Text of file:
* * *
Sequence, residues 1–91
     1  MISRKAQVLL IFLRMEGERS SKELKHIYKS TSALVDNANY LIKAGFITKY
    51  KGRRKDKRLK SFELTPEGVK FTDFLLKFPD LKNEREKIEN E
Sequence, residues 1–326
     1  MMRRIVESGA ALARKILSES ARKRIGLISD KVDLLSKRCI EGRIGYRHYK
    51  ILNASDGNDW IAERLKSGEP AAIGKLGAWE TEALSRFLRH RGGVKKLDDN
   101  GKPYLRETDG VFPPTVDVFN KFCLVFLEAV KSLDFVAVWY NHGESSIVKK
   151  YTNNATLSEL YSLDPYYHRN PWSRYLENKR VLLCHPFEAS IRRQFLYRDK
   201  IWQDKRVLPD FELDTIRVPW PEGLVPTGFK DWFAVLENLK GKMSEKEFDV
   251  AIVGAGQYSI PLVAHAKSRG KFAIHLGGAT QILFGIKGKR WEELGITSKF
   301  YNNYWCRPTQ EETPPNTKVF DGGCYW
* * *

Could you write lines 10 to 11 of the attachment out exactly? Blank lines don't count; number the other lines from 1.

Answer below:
   251  AIVGAGQYSI PLVAHAKSRG KFAIHLGGAT QILFGIKGKR WEELGITSKF
   301  YNNYWCRPTQ EETPPNTKVF DGGCYW